Short-lived Bertha Brings Heavy Rains to Parts of Florida
Bertha was a named storm for just the briefest of periods, becoming a tropical storm on the morning of Wednesday May 27th at 8:30 am EDT just one hour before it made landfall along the South Carolina coast near Charleston. After making landfall, Bertha quickly weakened into a tropical depression and was then accelerated northward by the southerly flow between a deep trough of low pressure over the Mississippi Valley to the west and a ridge of high pressure located just off the US East Coast. Because of this, rainfall totals over the Carolina’s were not very heavy. Bertha’s biggest impact actually occurred when it was still in the formation process, before it became organized enough to be named. On Monday May 25th, a trough of low pressure became established over the Florida Straits, initiating shower and thunderstorm activity in the region. Over the next day, as this trough, which extended eastward over the warm waters of the Gulf Stream and eventually led to Bertha, slowly moved northward up the Florida peninsula, it provided a focus for showers and thunderstorms, which brought heavy rains to southeast Florida.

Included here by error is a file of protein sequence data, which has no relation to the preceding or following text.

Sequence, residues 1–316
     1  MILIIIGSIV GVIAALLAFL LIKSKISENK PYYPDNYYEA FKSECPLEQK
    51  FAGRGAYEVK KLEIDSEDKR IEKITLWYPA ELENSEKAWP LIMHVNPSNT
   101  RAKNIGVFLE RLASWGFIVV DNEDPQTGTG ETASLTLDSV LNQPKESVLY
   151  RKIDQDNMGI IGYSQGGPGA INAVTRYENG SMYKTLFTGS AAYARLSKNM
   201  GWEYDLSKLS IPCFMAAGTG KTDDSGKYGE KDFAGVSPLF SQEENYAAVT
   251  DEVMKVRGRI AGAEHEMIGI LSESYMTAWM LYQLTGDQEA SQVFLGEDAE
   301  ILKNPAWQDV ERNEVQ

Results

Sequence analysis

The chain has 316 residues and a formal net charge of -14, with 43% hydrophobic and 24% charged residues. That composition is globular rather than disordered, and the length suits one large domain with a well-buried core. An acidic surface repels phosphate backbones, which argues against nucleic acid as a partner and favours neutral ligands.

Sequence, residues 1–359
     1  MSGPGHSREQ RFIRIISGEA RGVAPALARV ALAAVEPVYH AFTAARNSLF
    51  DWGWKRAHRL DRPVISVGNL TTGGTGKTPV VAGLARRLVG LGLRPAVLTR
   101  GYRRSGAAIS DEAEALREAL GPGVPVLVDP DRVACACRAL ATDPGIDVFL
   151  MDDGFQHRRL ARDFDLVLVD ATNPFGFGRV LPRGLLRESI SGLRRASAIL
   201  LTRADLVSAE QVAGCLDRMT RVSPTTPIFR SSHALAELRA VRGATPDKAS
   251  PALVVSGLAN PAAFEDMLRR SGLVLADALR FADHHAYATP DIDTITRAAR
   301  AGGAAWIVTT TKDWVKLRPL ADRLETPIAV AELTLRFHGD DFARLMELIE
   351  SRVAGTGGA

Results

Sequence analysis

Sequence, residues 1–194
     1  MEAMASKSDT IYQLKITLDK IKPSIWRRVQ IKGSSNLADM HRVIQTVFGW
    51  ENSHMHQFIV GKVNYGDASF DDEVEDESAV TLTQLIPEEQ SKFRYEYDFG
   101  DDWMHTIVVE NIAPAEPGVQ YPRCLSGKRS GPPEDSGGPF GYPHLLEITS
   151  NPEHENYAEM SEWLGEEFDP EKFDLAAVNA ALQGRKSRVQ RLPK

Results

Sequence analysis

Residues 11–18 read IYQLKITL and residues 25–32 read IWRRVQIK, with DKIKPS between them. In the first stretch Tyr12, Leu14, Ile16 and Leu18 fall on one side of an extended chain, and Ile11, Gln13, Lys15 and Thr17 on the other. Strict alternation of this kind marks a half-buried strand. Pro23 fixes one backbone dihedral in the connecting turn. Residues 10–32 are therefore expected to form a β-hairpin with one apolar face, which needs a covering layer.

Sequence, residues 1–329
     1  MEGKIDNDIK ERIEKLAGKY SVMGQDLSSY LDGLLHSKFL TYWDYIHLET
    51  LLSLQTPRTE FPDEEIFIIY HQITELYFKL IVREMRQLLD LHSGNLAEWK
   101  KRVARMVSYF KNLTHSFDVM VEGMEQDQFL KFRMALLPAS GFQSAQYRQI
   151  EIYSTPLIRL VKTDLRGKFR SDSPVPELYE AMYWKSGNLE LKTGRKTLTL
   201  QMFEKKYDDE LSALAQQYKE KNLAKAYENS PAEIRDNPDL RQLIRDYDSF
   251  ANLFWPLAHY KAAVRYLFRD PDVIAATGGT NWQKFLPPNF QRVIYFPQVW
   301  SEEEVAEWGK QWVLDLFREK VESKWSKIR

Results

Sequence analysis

IMERG surface rainfall accumulations are shown here for May 23rd - 27th for the southeast U.S. The heaviest rainfall totals are located over southeastern Florida and the northern Bahamas where upwards of 150 to 200 mm (~6 to 8 inches, shown in orange and red) of rain are shown to have fallen. Miami received over 7 inches in one 24-hour period. Rainfall totals over South Carolina where Bertha made landfall, however, are much lighter on the order 25 to 50 mm (~1 to 2 inches, shown in green) or more as the storm moved quickly on.
Image and text by Steve Lang (NASA GSFC)
Image from NASA GSFC using IMERG data archived at https://giovanni.gsfc.nasa.gov/giovanni/. This image was produced with the Giovanni online data system, developed and maintained by the NASA GES DISC.